Cancer deaths were lower in the five states and District of Columbia that expanded Medicaid early-on as part of the Affordable Care Act, compared to states that did not expand the federal insurance, according to a study lead by Duke Cancer Institute.
Publishing in the Journal of the National Cancer Institute (JNCI), the researchers found that the six early adopters -- including California, Connecticut, New Jersey, Minnesota, Washington and Washington D.C. -- saw rates of cancer deaths decline by 7.7%. By comparison, in the 19 states that did not expand Medicaid, the drop in cancer death rates was just 6.3%.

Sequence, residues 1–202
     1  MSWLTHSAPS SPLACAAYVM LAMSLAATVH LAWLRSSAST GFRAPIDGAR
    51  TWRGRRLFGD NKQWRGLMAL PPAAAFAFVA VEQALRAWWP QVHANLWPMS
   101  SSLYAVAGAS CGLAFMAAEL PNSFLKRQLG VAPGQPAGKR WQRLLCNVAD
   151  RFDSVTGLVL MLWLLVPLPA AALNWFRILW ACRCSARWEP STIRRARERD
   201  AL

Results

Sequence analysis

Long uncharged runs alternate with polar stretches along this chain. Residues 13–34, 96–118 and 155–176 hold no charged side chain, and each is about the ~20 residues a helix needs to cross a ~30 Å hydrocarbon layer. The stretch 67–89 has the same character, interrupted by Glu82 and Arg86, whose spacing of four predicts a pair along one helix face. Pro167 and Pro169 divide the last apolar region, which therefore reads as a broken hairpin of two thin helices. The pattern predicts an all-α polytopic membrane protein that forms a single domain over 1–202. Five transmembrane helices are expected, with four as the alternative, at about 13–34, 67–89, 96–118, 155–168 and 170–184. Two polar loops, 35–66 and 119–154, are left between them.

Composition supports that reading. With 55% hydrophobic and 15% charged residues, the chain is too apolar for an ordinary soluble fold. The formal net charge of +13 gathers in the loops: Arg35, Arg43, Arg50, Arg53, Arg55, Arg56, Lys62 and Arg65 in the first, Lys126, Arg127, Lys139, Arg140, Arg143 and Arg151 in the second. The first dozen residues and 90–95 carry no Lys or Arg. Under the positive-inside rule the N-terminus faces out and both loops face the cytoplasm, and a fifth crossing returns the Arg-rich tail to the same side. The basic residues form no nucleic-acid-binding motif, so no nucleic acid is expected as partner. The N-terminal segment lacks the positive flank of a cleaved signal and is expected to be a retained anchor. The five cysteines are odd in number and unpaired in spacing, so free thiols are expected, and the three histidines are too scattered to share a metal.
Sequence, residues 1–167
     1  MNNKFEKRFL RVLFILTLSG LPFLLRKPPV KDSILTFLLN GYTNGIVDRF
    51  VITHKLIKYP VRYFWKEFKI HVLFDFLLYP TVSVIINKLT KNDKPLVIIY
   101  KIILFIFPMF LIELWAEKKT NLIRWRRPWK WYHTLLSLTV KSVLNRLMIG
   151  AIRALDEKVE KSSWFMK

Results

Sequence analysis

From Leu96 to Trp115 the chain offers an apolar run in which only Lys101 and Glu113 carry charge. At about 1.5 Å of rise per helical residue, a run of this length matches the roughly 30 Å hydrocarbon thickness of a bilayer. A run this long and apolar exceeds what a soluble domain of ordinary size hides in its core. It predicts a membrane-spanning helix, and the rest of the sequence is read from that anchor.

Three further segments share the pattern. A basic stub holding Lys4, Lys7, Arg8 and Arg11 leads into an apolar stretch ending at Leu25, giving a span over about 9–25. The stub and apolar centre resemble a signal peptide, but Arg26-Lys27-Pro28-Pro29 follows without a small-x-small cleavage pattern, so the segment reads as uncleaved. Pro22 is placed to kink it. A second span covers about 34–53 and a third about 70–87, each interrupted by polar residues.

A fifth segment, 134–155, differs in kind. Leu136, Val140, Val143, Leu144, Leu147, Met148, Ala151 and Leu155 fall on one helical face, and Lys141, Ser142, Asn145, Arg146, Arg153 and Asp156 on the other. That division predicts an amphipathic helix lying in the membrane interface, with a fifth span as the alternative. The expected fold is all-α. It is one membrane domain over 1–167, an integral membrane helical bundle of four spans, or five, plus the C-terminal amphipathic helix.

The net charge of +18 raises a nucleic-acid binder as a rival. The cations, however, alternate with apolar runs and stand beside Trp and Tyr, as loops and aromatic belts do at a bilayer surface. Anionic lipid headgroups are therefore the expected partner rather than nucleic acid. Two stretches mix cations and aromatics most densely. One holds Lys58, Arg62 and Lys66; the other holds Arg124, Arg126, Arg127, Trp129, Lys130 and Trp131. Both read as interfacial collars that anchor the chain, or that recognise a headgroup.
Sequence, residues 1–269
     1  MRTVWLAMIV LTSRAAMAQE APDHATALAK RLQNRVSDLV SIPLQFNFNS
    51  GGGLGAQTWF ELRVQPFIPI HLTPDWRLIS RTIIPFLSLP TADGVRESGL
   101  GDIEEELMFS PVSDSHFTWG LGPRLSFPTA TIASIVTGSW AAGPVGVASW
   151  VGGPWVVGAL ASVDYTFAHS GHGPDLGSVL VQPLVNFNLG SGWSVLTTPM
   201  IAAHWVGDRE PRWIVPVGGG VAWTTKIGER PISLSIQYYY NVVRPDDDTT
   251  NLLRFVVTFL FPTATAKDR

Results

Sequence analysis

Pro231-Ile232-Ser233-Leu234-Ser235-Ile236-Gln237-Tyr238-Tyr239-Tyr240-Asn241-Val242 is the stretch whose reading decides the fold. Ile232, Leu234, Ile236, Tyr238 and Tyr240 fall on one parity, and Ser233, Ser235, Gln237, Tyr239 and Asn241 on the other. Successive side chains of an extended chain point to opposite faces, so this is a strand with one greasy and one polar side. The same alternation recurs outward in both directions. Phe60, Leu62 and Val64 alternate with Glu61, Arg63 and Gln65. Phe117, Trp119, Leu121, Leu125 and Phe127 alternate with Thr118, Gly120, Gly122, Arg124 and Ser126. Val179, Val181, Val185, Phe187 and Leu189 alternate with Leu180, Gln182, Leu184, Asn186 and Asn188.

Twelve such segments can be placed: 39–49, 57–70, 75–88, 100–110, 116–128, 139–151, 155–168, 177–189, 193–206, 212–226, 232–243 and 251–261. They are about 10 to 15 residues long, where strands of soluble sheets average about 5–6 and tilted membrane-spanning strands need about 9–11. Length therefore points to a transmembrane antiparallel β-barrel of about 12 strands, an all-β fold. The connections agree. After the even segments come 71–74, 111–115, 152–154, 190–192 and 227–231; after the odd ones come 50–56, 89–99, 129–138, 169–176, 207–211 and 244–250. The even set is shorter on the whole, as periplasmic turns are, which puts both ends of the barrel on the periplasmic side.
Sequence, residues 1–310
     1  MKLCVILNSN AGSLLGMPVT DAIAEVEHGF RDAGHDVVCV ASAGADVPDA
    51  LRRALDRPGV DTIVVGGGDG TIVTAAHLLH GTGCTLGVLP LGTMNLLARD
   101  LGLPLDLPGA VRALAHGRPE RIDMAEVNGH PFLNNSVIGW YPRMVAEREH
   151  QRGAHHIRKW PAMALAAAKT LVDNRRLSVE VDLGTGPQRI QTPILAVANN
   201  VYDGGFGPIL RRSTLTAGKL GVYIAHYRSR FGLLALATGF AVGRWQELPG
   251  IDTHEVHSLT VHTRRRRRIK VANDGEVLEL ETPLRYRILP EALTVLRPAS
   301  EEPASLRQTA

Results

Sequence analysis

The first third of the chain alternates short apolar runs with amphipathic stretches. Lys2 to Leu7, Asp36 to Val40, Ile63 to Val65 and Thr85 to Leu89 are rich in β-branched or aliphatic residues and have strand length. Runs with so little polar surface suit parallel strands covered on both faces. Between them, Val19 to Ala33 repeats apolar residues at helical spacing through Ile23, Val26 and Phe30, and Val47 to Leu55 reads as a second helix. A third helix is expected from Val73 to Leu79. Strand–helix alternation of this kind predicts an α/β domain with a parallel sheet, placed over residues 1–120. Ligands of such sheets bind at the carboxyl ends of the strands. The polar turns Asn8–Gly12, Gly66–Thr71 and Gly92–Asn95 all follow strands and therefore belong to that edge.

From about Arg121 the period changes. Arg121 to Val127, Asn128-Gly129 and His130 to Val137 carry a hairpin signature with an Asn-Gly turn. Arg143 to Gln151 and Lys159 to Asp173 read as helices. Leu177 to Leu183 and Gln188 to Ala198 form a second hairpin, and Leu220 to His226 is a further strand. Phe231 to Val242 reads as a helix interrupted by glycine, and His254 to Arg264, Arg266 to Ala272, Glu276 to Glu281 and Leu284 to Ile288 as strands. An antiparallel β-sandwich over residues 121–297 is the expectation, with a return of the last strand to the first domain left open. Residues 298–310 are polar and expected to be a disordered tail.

“It is important to be able to show that there has been a mortality benefit associated with Medicaid expansion,” said lead author Nosayaba (Nosa) Osazuwa-Peters, Ph.D., an assistant professor in Duke’s Department of Head and Neck Surgery & Communication Sciences. “Expanding access to health care enabled people to seek care earlier rather than waiting or not going to the doctor at all. And there is quite a bit of evidence that catching cancer early is better for outcomes.”